The report cited examples that included taking the Albert Whitted plant offline before upgrades to the Southwest Water reclamation plant were done, failing to restart Albert Whitted after the discharge problem was identified, and “failing to repair essential equipment at [the Northwest Water reclamation facility] for 10 years that reduced its processing capacity.”
The report criticized Mayor Rick Kriseman’s decision in 2014 to close the Albert Whitted plant noting that a consultant had provided three suggested options to increase capacity at the Southwest plant to make up for the closure at Albert Whitted.
“The city chose not to do any of the options before closing [Albert Whitted] and redirecting the flow to [Southwest],” the report says. “After the flow had been diverted, the city chose the cheapest and least effective option that still did not increase treatment capacity.”
Three months later, the report notes, the city discharged 31 million gallons of wastewater. A year later, St. Petersburg discharged 10 million gallons of wastewater, most of which came from Albert Whitted, which was being used to store excess wastewater. Shortly after that, in August 2016, the city discharged an estimated 136-151 million gallons of wastewater into Tampa Bay and an estimated 700-800 million gallons into injection wells.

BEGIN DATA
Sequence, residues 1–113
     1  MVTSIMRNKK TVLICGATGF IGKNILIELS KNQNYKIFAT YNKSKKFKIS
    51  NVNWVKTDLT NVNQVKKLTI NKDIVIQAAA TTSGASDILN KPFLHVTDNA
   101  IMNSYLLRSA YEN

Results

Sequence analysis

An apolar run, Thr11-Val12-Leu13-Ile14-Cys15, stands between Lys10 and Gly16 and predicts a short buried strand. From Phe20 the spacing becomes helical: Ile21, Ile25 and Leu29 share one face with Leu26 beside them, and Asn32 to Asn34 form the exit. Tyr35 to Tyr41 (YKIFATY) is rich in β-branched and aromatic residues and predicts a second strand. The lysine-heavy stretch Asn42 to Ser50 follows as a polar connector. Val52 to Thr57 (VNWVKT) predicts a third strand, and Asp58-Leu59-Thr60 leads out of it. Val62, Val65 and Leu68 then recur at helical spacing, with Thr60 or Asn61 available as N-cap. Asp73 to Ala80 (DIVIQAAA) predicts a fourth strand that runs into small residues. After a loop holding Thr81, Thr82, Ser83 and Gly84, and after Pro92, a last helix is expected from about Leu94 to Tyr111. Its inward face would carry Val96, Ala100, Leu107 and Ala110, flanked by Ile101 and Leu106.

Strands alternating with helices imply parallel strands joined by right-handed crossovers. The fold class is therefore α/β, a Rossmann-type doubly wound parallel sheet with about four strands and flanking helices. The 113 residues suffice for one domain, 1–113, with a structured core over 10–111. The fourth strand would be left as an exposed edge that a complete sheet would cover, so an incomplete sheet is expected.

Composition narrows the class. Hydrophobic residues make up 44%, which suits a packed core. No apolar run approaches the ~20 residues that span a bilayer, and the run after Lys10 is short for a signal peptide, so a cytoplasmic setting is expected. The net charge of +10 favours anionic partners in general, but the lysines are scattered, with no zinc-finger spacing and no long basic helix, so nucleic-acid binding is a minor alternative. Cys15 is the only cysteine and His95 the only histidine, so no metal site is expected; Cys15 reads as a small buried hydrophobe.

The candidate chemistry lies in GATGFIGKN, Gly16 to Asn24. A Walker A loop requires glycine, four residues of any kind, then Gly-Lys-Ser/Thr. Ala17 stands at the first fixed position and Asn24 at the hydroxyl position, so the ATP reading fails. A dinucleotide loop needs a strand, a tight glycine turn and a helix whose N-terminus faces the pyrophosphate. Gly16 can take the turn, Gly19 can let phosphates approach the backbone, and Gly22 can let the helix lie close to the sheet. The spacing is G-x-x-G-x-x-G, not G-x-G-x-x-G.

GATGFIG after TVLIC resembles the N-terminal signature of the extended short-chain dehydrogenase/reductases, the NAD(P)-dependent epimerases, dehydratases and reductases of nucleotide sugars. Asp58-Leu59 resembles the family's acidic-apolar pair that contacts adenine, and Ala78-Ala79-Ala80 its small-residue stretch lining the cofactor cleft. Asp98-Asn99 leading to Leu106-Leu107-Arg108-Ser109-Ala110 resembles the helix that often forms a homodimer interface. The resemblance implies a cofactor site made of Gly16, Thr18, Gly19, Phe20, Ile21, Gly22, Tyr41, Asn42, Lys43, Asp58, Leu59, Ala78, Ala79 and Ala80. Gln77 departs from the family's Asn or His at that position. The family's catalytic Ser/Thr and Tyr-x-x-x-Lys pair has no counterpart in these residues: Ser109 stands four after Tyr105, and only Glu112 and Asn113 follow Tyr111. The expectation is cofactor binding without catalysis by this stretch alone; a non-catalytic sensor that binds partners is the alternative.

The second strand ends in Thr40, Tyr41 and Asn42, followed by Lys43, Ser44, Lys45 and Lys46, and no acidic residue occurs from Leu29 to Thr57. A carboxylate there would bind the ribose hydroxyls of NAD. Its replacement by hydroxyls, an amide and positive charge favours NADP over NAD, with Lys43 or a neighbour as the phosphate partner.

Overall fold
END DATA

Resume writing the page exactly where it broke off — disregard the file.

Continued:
The report says that the city could have restarted Albert Whitted before the massive August discharges but chose not to do so. Restarting Albert Whitted would not have stopped that large a discharge, but, the report says “would have significantly mitigated the discharges.”
The report blames St. Petersburg’s sewer woes on at least two more factors – growth and aging pipes that have not been maintained, particularly on private property.
The city, the report notes, has approved and continues to approve development even though the Southwest plant’s capacity was being taxed after the diversion of the flow from Albert Whitted.
The aging pipes, the report says, allow for inflow and infiltration – the entry of water through cracks, breaks and other openings into the system.
“Influx and infiltration (I&I) of storm water into the sanitary sewer system is a major problem in the city,” according to the report. “The city has a system that is old and in disrepair. Based upon investigative research, this problem was identified 20 years ago by [the Florida Department of Environmental Protection], and the city references the I&I as a main reason for high water flows during rain events.”